Judith Butler drew some hearty laughs with this:
Yet another objection, sometimes uttered by the same people who made the first, is that BDS does qualify as a viewpoint, but as such, ought to be presented only in a context in which the opposing viewpoint can be heard as well. There was yet a qualification to this last position, namely, that no one can have a conversation on this issue in the US that does not include a certain Harvard professor [Alan Dershowitz], but that spectacular argument was so self-inflationary and self-indicting, that I could only respond with astonishment.
Far more Americans know of the Palestinian BDS (Boycott, Divestment and Sanctions) movement today than did a week ago. Many millions of people have been exposed for the first time to the idea that Israel should be boycotted, divested and sanctioned for its occupation of the territories. Many more Americans, one can safely assume, have formed a positive image of the BDS movement than those who have now turned against it.
Tafasta merube lo tafasta, the Talmud teaches us: grasp all, lose all. The heavy-handed, hyperbole heavy, all-guns-blazing campaign against what would have been, as Mayor Bloomberg put it, “a few kids meeting on campus” mushroomed and then boomeranged, giving the hitherto obscure BDS activists priceless public relations that money could never buy.
Rather than focusing attention on what BDS critics describe as the movement’s deceitful veneer over its opposition to the very existence of Israel, the disproportionate onslaught succeeded in casting the BDS speakers who came to the Brooklyn campus as freedom-loving victims being hounded and oppressed by the forces of darkness.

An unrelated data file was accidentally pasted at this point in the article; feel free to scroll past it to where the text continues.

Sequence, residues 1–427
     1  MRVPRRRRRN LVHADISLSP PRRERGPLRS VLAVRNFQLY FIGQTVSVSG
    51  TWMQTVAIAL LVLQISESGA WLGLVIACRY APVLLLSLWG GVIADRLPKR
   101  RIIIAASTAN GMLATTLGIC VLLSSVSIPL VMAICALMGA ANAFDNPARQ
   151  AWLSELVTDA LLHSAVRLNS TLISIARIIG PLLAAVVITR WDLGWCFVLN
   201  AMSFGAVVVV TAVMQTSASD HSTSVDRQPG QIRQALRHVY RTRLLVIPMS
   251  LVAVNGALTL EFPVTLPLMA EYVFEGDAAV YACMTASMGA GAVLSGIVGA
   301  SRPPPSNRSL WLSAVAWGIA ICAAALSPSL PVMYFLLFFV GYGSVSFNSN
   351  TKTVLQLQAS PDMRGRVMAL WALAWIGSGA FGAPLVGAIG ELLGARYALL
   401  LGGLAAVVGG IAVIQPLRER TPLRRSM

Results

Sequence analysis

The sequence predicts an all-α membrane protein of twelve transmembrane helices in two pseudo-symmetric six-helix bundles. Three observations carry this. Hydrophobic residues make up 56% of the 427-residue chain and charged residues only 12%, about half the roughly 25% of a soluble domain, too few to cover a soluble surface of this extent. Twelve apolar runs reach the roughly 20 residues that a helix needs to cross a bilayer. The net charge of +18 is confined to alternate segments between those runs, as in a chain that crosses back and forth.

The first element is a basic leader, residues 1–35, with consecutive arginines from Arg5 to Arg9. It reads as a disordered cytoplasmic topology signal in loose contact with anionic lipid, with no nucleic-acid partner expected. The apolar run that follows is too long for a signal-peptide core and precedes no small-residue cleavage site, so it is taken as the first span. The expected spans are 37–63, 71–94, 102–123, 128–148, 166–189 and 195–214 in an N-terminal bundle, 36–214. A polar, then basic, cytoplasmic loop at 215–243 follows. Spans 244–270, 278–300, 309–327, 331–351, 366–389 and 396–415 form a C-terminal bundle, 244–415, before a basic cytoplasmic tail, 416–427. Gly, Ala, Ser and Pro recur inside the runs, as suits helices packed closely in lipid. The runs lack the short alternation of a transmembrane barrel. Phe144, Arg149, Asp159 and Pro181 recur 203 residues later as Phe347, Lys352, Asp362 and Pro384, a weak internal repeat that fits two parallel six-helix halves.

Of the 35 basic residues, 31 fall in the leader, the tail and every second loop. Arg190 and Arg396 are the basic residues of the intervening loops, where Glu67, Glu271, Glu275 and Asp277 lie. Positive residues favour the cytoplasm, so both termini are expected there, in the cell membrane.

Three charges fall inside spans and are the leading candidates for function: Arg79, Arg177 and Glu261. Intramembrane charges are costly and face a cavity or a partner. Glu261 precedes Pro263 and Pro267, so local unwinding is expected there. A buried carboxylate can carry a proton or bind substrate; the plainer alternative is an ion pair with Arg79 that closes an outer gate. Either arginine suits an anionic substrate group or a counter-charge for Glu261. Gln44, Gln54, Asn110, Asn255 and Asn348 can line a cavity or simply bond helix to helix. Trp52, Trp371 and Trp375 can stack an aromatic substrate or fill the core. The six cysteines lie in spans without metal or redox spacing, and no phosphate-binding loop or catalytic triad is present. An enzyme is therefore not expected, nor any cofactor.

Butler argues that hate speech exists retrospectively, only after being declared such by state authorities. In this way, the state reserves for itself the power to define hate speech and, conversely, the limits of acceptable discourse.
I’ve wanted to write an enduring essay about Butler’s Brooklyn College address since reading it. I’ve re-read it twice now, trying to distill it for popular blog consumption. That may be a task beyond my ability.
The concept of censorship making an idea being censored more known and attractive predates Butler’s analysis. The history of people finding ways around such censorship goes back to ancient times too. When societies begin to break down through hubris, hypocrisy, corruption, pollution and so on, some members of the nomenklatura realize better than others what is happening, what is at stake.
Butler’s writings and talks (on Youtube, for instance) show examples of her sense of irony, and some humor. Her overall style, though, is quite dry. Nobody has ever accused her of pandering for attention, within or beyond academia.
Thinking about her irony and perhaps intentional avoidance of populist metaphor and framing today, I found myself listening more closely to the wildly ironic Dmitri Shosatakovich’s 12th Symphony, a work I’m considering conducting in 2014. He wrote it at the beginning of the end of the paradigm of a communist utopia in the USSR. He had ceased to believe in the myth long before, but had been rehabilitated, and was commanded to write a triumphal work, dedicated to the memory of Vladimir Lenin.